pencil and paper. The next generation is 4D, the timing and staging of
fabrication and construction. You have the building but when and how do you
gain access to the site? Where is the steel and concrete, and labour coming
from and when?

In essence the building and construction industry is slowly catching up,
computer wise with manufacturing and using acronyms to describe what
everybody has always done but now possible or otherwise done by computer:
CAM, CIM, CAPM, MRP I / MRP II. At present the full benefits only appear to
be available for steel and timber, where CNC code is generated from the data
models and sent to machine tools. (How often have you watched a glaring
error come off the plotter? In other areas of manufacturing they use
re-useable machining wax, before expensive steel is wasted. Or CAD software
which turns CNC code back into CAD model. How is the CNC code generated for
a CNC beam line checked?)

Before buying the latest acronym I recommend completing a thorough review of
how effectively you are using your existing design and analysis tools.
Chances are that some minor changes to how you "structure" your data and
projects, can have a significant improvement on productivity. In the long
term may still end up buying the commercial BIM, but will have a better
understanding of how unsophisticated the software really is (lots of little
programs ran from a single interface: sounds like windows), and will be
better placed to define what information you want and how you want to work
with such data. It's a design and analysis task.

Happy to stay with Acad LT 2000, until someone can show me how to half my
input time and double my output: it has to be an immediate improvement. (We
can all improve productivity daily without the expense of purchasing new
tools. NB: it takes less than 1 minute to generate simple framing plans and
elevations (stick diagrams), using scripts.)

With COM (common object model) Automation Excel can be the central data
repository and controller for all your other applications. Whilst the BIM is
going to collect the data in a graphical model, and export tables to Excel. 

Now where did the idea for that building start? Was it visual or far more

Conrad Harrison
B.Tech (mfg & mech), MIIE, gradTIEAust
South Australia

-----Original Message-----
From: Thor Tandy [mailto:vicpeng(--nospam--at)] 
Sent: Monday, 2 July 2007 02:58
To: seaint(--nospam--at)
Subject: RE: REVIT

Include VectorWorks in that too ...

Thor A. Tandy P.Eng, MIStructE, Struct Eng
Victoria, BC

-----Original Message-----
From: Dennis Wish [mailto:dennis.wish(--nospam--at)]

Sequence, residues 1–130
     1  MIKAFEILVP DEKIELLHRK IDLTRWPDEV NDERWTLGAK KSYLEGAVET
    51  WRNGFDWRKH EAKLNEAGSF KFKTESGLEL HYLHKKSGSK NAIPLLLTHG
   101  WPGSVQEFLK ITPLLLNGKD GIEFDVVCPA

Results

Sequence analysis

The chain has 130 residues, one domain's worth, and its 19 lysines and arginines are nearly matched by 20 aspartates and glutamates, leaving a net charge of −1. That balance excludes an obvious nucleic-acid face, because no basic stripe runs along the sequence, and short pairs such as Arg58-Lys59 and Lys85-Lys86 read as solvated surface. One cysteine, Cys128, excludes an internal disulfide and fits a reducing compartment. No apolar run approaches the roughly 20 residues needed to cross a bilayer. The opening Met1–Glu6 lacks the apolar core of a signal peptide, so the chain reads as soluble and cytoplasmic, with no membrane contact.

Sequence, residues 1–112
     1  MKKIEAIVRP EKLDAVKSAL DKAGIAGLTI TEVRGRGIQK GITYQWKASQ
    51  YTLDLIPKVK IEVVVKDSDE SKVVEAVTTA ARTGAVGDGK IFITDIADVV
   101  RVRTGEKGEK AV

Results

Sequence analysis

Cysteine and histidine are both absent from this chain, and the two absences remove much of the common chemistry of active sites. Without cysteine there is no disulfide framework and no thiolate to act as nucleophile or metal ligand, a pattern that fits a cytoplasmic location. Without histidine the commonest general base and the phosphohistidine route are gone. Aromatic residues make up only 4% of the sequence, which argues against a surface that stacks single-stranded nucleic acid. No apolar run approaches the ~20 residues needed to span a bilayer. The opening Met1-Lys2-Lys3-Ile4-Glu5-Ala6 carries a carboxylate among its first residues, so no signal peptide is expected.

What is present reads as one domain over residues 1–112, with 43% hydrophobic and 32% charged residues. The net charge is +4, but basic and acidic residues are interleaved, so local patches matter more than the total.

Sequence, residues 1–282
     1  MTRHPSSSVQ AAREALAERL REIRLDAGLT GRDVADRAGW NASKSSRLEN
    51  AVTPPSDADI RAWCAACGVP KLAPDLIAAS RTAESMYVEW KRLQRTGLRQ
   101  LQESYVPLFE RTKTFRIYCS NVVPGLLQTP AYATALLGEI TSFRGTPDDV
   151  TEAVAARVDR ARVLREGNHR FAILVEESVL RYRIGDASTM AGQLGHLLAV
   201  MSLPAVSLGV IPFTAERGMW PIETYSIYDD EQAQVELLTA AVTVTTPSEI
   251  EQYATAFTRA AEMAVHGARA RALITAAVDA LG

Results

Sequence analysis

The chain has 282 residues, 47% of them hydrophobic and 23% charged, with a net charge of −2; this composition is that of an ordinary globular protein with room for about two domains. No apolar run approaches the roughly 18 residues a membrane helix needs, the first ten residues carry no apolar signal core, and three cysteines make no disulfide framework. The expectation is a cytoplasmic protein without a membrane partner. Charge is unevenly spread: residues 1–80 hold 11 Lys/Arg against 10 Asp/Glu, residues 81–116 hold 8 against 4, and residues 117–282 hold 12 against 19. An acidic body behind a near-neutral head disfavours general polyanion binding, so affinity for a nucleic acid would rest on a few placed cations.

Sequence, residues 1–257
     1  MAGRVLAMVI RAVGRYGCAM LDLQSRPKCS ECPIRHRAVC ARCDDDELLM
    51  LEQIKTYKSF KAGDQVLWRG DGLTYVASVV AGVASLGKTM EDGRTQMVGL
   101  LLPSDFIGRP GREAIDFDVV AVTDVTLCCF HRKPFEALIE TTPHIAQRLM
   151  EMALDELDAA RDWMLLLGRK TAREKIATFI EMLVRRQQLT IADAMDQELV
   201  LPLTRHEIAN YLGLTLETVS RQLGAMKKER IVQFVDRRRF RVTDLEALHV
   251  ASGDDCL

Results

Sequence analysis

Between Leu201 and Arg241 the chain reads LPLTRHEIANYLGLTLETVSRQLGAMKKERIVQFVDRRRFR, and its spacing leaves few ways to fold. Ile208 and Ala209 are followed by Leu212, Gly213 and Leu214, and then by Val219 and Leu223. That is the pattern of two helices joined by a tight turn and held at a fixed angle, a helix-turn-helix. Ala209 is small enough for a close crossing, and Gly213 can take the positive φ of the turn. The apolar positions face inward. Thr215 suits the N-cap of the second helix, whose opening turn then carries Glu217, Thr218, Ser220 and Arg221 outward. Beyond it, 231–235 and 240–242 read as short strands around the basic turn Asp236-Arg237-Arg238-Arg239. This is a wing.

Sent: June 30, 2007 10:42 PM
To: seaint(--nospam--at)
Subject: RE: REVIT

I suppose that it is possible to modify AutoCAD Architecture 2008 to become
a BIM s............................................

I don't see the advantage to REVIT other than it creates very nice 3D views
supposedly as it actually looks, but in reality, I don't detail in 3D - I
detail in 2D so that it is very clear as to what I want constructed. 3D
helps me to identify conflicts in elevation where members converge off their
mark. In many cases the designer does not consider the needed space for
structural members and this becomes clear in 3D since you can show your
client how two roofs may or may not converge properly.

I also think we should be spending more time creating professional standards
to simplify the cross-platform compatibility between offices. This is
difficult, but if we don't work on then then it does not matter how uses
REVIT, AutoCAD, DataCAD, or any of the many CAD packages out there. The
negative side to all of this is the failure of Autodesk to accept a DWG
standard since they attempt to create a proprietary change with each years
new version. The DWG Alliance is failing since they were sued by Autodesk
who won the suit to protect their DWG format in court. I think this is a
setback for the Architecture and Engineering professions. We will all have
our favorite tools, but without a standard, our jobs become more complicated
working with new clients using different versions of the same or various
other CAD packages. DXF is not a standard that is worthwhile. Autodesk has
little to fear from allowing DWG to become a cross-platform standard since
the future of the software lies in the creation of new productivity tools
rather than protecting a drawing standard.

My $0.02 worth.